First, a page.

At this point we’ve traveled through some fifty weeks together, during which you’ve been preparing and have been being prepared to receive Holy Illumination through your baptism and chrismation - now comes the greater struggle of living your Orthodoxy. These aren’t necessarily in any particular order and they certainly aren’t exhaustive, but are things that you may want to keep in mind to assist you in keeping the faith and being a living example of Christ in the world. Keep in close contact with your godparent sponsor, include them in your life, and bring things to them as needed as well as to your spiritual father. You’ve been waiting a long time to participate in the Holy Mysteries, so make every effort to do so.
Please don’t try to become an overnight monastic, a life that few of us are called to and probably even fewer cut out for. Your prayer rule and fasting rule should be adjusted gradually with the guidance of your spiritual father, and you don’t want to “monk so hard you hurt yourself.” It’s also a really quick road to burnout if you try to make the ways of 4th century monastics jive with 21st century realities - we want to be one with God, but we also have responsibilities in the world that must be attended to.
You’re going to be admitted to Holy Confession and Communion - accept them both as gifts from the grace of God, and strive to overcome your sins knowing that in all likelihood you’ll commit them again in some way, shape, or form. The point is that we keep trying to grow nearer to God despite our falls sand failings, and when we are given absolution and forgiveness we have to accept it as genuine and begin again. Instead of beating yourself up, take the time to reflect on the purpose of your life - to be in union with God, living the example Christ set for us, and knowing that death is no longer to be feared.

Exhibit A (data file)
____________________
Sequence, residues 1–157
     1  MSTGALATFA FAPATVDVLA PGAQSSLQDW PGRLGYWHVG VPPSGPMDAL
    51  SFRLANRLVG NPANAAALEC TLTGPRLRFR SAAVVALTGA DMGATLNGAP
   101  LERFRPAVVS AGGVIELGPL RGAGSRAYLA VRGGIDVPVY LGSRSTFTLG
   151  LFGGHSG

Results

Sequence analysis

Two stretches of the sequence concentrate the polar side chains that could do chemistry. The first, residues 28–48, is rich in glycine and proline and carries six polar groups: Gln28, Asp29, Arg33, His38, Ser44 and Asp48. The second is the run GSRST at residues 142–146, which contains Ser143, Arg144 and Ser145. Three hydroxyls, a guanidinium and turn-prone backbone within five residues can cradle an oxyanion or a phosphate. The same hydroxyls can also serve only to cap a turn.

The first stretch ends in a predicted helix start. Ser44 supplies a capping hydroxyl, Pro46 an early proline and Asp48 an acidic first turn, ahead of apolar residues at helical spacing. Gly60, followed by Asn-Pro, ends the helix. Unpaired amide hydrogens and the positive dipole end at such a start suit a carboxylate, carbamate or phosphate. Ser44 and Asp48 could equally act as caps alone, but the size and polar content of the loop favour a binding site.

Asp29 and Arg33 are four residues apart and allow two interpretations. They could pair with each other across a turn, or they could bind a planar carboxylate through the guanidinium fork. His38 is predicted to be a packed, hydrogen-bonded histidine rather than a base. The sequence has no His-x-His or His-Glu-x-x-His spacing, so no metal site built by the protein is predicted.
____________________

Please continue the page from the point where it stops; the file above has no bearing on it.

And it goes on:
Yes, you can still have heterodox friends, read non-Orthodox authors, and enjoy secular music and films - once again, you’re not heading to a monastery straight out of the gate. You may want to consider whether those friendships and other things are aiding or hindering your path toward theosis, and especially how you might bring those friends with you into Holy Orthodoxy, but you shouldn’t abandon them entirely. People are going to have questions, and your catechesis has been designed to help you answer them along with other resources in the larger Church community. Another thing to keep in mind is that we are very poor apologists and missionaries for our faith when we exist in an echo-chamber. Part of our call is live Christ’s example and bring more to the Faith.